When she is forced to occasionally pass the star to a pivot and become a blocker, she is not as confident in her skills. “My blocking skills are just not equal to my jamming skills. Jamming requires quick thinking and fast decisions. Blocking involves interacting with three other people and strategy, and if you’re not in sync with them, you’ll fail as a blocker. A jammer is more a solo act.”

Angela Beard, a licensed clinical psychologist who goes by Gory Midori, is a former player who is now a referee. It was 10 years from the time she first had interest in joining the derby until she finally did it. “I was moving around, going to graduate school, but I finally did try out and was glad I did. I knew it would interest me because it has a counter culture element that attracts me, and it has this element of female empowerment, which was extremely valuable to me.”

She’s a feminist, she said, “and seeing the dynamic of a sport completely dominated by women, from coaches on down, well, that’s incredibly fascinating. I’ve never seen that model before.”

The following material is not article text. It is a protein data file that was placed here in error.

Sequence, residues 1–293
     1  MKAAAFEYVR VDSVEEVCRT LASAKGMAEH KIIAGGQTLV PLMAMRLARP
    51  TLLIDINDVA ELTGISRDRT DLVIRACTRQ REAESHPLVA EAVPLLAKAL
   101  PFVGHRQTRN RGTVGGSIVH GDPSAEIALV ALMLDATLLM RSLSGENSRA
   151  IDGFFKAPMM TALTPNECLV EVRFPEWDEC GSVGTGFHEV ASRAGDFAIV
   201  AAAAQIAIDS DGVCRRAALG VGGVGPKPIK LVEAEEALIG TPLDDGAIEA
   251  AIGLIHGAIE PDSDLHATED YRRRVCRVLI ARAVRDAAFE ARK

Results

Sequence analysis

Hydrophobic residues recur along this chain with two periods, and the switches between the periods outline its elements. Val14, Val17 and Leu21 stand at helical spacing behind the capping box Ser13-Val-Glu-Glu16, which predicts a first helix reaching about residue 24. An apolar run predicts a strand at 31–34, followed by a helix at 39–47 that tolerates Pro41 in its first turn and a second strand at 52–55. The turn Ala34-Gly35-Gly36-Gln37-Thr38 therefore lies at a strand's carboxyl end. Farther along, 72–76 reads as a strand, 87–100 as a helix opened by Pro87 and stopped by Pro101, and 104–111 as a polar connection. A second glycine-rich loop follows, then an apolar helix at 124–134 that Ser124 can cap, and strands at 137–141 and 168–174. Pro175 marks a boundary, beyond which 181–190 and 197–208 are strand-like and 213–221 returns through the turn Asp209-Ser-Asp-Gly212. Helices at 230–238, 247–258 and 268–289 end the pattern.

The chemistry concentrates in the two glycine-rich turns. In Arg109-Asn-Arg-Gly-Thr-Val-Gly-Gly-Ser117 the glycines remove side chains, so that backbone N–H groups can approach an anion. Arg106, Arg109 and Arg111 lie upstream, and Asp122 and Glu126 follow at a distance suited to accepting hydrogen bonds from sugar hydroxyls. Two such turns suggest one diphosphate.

She played two years with the Alamo City Roller Girls out of San Antonio but couldn’t make the time commitment, so she switched to refereeing. “When you’re playing, you have two to four two-hour practices weekly, aside from your own personal practice time, and if you want to excel, you do the four a week because you have an obligation to your teammates and don’t have the option to flake out. I just could not commit that time. With refereeing, they’re grateful you are on board, so things are more flexible.”

There is no school as yet for referees, Beard said, though there is an effort to charter a program. “So you wind up doing a lot of shadowing at games, and you’ve got multiple refs giving advice, correcting you, making you better. And you want to be better. Involvement in the roller derby involves initiative because we’re all volunteers, none of us are paid, and we work hard to be in a sport that’s not widely known.”

*****

The Arlington Derby Avengers league was founded three years ago and is currently in the midst of its first home season. It’s been a hard uphill climb to reach this point, said co-owner/cofounder Saxiones.